Musailaisi: The mysterious Xinjiang wine


Demei's View - Wine Communication from a Chinese Winemaker

Xinjiang is a land of wonders and mysteries. I have always admired its stunning natural sceneries and unique cultural customs, and had longed to set foot in this part of China myself.

Five years ago, I finally had the chance to visit Xinjiang for the first time. Its colourful local culture and natural beauty have left such a pleasant impression in my mind that I just couldn’t get it out of my head. Since then Xinjiang undoubtedly became one of my most-visited places in China—one reason being that it is also a vineyard region.

Image: A fresco picturing ancient wine making, exhibited in the Turpan Museum © LI Demei

Xinjiang was the transit point when ancient China imported vitis vinifera from Europe. This is proved by a massive amount of historical and archaeological evidence, as well as some of the products that exist until today—the Musailaisi wine is one of them.

By defining ‘Musailaisi’ as a style of wine I might have upset someone. But this drink indeed contains alcohol, and is made from fermented grapes.

The first time I heard about Musailaisi was when I visited one of the street bars in Turpan, Xinjiang. I was curiously looking at the label of a bottle of ‘wine’ on the table next to me, when the owner of that bottle generously poured one glass for me to try. It’s sweet and lightly fruity, and you can hardly sense any trace of alcohol. It reminded me of those ‘half-juiced’ Chinese wines I tasted when I was little.

Although Musailaisi is widely known in Xinjiang, among the local people I know, only the comparatively older generation have actually tasted this wine before, and no one was able to explain the legend behind it.

In fact, Musailaisi wine is a traditional drink of the Uyghur People, and is widely consumed in areas such as Turpan, Hutan and Aksu; among which the Awati county Aksu is considered as the place to find the most ‘authentic’ Musailaisi. Here in the suburban area, almost every family make this wine in their own houses.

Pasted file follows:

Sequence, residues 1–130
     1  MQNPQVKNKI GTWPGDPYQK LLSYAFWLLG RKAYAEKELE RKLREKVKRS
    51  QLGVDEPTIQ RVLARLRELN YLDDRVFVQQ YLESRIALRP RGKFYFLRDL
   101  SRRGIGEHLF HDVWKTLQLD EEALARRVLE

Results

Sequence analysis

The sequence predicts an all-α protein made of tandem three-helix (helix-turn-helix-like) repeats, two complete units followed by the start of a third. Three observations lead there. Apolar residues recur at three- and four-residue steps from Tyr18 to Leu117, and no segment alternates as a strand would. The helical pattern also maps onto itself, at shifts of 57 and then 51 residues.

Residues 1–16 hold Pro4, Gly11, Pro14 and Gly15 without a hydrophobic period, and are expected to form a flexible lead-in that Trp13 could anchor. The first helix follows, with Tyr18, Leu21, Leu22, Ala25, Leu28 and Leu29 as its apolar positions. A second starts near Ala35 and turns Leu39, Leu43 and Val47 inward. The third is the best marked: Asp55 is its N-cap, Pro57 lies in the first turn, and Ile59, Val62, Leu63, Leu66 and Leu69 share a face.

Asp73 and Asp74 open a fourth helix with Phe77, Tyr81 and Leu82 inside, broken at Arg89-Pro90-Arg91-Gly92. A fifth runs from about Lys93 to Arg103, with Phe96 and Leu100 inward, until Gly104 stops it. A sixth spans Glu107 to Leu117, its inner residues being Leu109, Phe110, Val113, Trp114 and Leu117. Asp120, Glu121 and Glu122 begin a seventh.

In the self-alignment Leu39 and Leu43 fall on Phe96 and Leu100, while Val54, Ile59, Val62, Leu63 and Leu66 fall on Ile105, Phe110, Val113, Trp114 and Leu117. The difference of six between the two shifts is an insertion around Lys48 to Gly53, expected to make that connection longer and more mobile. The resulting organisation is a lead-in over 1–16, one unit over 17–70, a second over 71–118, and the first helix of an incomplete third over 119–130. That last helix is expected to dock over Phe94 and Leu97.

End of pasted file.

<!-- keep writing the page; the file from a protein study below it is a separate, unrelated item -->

The grapes they use to make this wine are sourced locally. The widely cultivated table grapes - mainly Munage and Hashihaer* - are usually chosen to make Musailaisi. You need to firstly crush the grapes and heat the mixture in a pot so as to concentrate the juice; in the meantime, blend in locally-sourced herbs such as wolfberries, roses, Herba Cistanches, saffron and cloves. Sometimes people would even add in velvet antler, pigeon blood and roasted lamb.

The mixture is then filtered using a piece of gauze to get rid of the skins, seeds, stems and other solid substances, and poured into a jar, which is covered by a large piece of gauze to prevent dust from getting in. After that, it is fermented in the jar for around 40 days. There isn’t a set rule about when the wine is ‘ready’, so when to drink it is largely up to the maker.

The method people choose to make this wine can differ largely from household to household.

Unlike the usual winemaking process, when making Musailaisi, you don’t use any fining agent, but instead wait for the gravity to roughly clarify the liquid. Therefore this wine normally appears to be hazy. If you find a bottle of Musailaisi that’s crystal clear, it’s very likely to be made by blending, rather than natural fermentation.

Image: Vineyard at the foot of Flame Mountain, Turpan, Xinjiang © LI Demei

Because the juice has been boiled and oxidised—no antioxidant used in ‘normal’ winemaking is applied—Musailaisi commonly appears to be light brown in colour, with stewed fruit and jammy characters (this is also one of the significant hints to differentiate naturally fermented Musailaisi from blended ones), and notes of various spices and herbs. The alcohol levels can range from under 10 to 16. Because of its high level of residual sugar, Musailaisi tastes sweet, with hints of bitterness and other flavours, depending on the variety of herbs and spices added to the juice at the beginning.

For the locals, Muselaisi is considered as a healthy drink and a generous treat for the family guest. It serves a similar role as tea at social gatherings, but obviously it works better to liven things up—one of my local friends told me that when he was young, he got drunk from drinking too much Muselaisi and made quite a show of himself.

Nowadays both the method of making and the drinking custom of Musailaisi are considered as a symbol of history and tradition of the Uyghur People. The local government once attempted to summarise the making techniques and create a ‘standard’ for Musailaisi, so as to preserve this cultural heritage. However, they had to give up because they found that almost every person is making it in a largely different way, making it impossible to come up with one standard. The fact that it’s not suitable for long-term storage and is usually consumed within one year makes it even harder for people to study it and spread it to the outside world.

*Both are names of old local variety (vitis vinefera).

Translated by Sylvia Wu / 吴嘉溦

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